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Total points: 70
  1. In your own words, compare the complementary fields of computer graphics and image analysis. [4]

    Synthesis vs. analysis: both are components of visual computing. Computer graphics starts with digital representations of objects (triangle meshes, lights, etc.) and produces images on screen. Image analysis starts with images (digital camera, satellite, MRI, etc.) and produces digital representations of the objects in the images.

  2. What is colour? Is an RGB triple (e.g., "#00FF77") a colour? Discuss. [4]

    Colour is a distribution of light energy across the visible spectrum ("frequency distribution"). An RGB triple is a point in a colour space, a combination of three chromaticities. Without specifying what those chromaticities are or how they are combined, an RGB triple is not a colour.

  3. Contrast the goals of off-line rendering vs. real-time graphics. Which is OpenGL generally used for? [5]

    Off-line rendering prioritizes photorealism and image quality over rendering time -- it's okay if each frame takes days to render, as long as it looks really good. Real-time graphics places a constraint of rendering time -- we still want it to look good, but not if that means our framerate drops below, say, 60 frames per second. OpenGL is generally used for real-time rendering.

  4. Describe the idea behind raytracing. In what ways does it produce superior images over standard OpenGL rendering? [5]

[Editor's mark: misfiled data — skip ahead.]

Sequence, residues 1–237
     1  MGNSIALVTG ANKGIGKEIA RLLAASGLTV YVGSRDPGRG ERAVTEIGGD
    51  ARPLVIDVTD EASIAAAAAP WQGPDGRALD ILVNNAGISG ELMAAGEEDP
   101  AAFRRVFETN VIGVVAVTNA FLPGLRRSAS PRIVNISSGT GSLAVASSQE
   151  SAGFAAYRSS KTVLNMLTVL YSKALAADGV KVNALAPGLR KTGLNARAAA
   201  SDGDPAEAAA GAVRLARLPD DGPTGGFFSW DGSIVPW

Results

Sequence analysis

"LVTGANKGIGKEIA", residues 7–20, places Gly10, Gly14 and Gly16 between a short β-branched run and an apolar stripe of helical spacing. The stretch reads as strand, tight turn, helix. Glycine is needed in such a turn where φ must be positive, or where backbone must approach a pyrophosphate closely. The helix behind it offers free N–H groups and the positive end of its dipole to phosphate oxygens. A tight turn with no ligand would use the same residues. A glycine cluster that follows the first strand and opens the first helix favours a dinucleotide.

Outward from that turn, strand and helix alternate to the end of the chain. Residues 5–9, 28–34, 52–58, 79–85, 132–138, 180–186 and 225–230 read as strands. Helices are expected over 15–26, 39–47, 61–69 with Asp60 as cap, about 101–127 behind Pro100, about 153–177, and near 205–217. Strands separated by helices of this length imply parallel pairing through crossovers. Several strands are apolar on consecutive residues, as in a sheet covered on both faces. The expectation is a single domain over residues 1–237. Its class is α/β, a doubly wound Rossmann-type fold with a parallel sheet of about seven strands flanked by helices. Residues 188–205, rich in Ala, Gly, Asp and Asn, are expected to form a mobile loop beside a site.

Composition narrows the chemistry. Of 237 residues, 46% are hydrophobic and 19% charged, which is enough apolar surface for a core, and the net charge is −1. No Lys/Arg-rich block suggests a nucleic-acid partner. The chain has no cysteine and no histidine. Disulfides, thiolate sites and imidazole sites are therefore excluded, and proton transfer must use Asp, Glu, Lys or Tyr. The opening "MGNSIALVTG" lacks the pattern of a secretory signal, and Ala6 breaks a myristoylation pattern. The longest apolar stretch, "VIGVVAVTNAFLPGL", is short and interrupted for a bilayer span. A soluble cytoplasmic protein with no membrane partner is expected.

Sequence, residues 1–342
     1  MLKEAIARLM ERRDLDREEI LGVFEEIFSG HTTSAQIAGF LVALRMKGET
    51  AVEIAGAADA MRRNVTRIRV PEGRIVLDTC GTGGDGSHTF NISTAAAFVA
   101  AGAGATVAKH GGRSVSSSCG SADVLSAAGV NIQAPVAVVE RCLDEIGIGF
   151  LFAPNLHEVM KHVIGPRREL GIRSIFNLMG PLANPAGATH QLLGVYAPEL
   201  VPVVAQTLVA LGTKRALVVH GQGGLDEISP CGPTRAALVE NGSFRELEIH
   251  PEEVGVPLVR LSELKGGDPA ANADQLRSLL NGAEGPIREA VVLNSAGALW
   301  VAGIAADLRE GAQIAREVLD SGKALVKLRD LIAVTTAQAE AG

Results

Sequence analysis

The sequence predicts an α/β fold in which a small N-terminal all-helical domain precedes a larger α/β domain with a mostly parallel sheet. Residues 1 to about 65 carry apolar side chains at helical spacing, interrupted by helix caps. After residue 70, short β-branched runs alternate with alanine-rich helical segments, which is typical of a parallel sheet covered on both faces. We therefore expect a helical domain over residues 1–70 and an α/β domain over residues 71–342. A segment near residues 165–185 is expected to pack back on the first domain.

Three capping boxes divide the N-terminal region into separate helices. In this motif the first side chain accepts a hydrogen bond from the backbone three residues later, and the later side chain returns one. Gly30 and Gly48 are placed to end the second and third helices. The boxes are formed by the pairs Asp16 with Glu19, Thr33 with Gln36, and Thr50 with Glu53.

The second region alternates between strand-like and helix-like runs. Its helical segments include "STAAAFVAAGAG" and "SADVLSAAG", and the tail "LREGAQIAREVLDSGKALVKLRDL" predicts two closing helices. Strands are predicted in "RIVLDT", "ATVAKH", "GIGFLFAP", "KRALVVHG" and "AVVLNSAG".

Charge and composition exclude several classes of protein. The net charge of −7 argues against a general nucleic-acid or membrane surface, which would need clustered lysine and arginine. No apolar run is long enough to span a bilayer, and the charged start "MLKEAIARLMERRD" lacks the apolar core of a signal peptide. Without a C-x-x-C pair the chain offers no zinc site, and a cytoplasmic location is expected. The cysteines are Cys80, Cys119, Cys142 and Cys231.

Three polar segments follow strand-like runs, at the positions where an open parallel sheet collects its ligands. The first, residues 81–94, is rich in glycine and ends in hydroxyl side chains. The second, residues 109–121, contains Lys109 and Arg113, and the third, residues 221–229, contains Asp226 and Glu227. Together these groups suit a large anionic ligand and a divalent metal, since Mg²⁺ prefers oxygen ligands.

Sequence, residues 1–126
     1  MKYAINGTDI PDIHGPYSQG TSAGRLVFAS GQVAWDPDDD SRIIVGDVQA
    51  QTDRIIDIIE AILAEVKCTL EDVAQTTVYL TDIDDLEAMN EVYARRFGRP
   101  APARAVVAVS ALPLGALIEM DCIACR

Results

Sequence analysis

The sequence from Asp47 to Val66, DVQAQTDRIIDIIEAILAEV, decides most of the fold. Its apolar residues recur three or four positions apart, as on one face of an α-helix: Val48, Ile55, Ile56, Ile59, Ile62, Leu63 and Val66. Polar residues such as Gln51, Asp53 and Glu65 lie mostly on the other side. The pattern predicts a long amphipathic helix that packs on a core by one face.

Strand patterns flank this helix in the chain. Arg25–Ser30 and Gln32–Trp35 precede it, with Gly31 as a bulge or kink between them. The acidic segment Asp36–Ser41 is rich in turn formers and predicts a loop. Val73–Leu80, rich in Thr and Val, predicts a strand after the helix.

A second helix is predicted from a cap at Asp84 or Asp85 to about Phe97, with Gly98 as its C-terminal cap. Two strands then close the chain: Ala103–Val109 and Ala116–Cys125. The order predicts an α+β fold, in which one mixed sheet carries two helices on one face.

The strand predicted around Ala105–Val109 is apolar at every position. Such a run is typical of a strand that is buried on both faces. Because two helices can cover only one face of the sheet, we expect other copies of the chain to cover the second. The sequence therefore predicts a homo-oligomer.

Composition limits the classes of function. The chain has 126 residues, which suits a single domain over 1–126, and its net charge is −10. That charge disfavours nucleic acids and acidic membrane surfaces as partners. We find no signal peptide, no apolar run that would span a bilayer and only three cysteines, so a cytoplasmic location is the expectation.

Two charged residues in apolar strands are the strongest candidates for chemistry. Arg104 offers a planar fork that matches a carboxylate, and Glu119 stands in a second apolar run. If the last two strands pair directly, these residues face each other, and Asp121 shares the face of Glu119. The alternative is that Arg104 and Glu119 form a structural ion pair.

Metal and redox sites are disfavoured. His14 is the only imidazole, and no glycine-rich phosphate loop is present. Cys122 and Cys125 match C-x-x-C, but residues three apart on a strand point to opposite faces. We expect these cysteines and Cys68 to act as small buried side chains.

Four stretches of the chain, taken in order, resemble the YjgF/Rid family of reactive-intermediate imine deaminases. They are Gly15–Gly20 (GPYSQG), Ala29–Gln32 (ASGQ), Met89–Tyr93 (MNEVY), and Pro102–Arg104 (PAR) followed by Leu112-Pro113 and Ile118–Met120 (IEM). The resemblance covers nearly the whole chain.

To find a value for each pixel in the framebuffer, rays are cast from the center of projection through each pixel in the image plane and into the scene. When a ray intersects a surface, contributions from ambient/diffuse/specular lighting are taken. In addition, new rays are cast starting from that point in the direction of reflection (optionally, refraction, too). This proceeds recursively until rays exit the scene or hit a light. Standard OpenGL rendering does not model reflections or refractions.

  5. Contrast clipping with culling. Why are they important? [5]

    Clipping removes primitives which are outside the view frustum, the volume of space which is visible by the camera. Culling removes primitives which are not visible, even though they may be within the view frustum. For instance, back-face culling removes primitives that face away from the camera, which are generally not visible.

  6. Discuss what is meant by calling OpenGL a "state machine". [5]

    Most OpenGL commands modify the current state, e.g., the current model-view matrix, or the current material properties. When a primitive is added, e.g., a vertex of a polygon, that primitive takes on whatever OpenGL state that was current at the time. The impact on coding is that we need to specify all the properties for a vertex before its glVertex() call.

  7. Write a short C code snippet that draws a red triangle in OpenGL, with vertices at A = (0, 1, 2), B = (3, 1, 2), and C = (3, 1, 0) (in order). What is the outward-facing unit normal? [6]
    	glBegin( GL_TRIANGLES );
    	glColor3f ( 0.0, 1.0, 0.0 );
    	glVertex3f( 0.0, 0.0, 0.0 );
    	glVertex3f( 1.0, 0.0, 0.0 );
    	glVertex3f( 0.0, 1.0, 0.0 );
    The normal vector is (0, 1, 0), pointing in the positive y direction.

  8. The two most important transform matrices in OpenGL are the model-view matrix (glMatrixMode( GL_MODELVIEW )) and the projection matrix (glMatrixMode( GL_PROJECTION )). Contrast the roles of these two matrices. [5]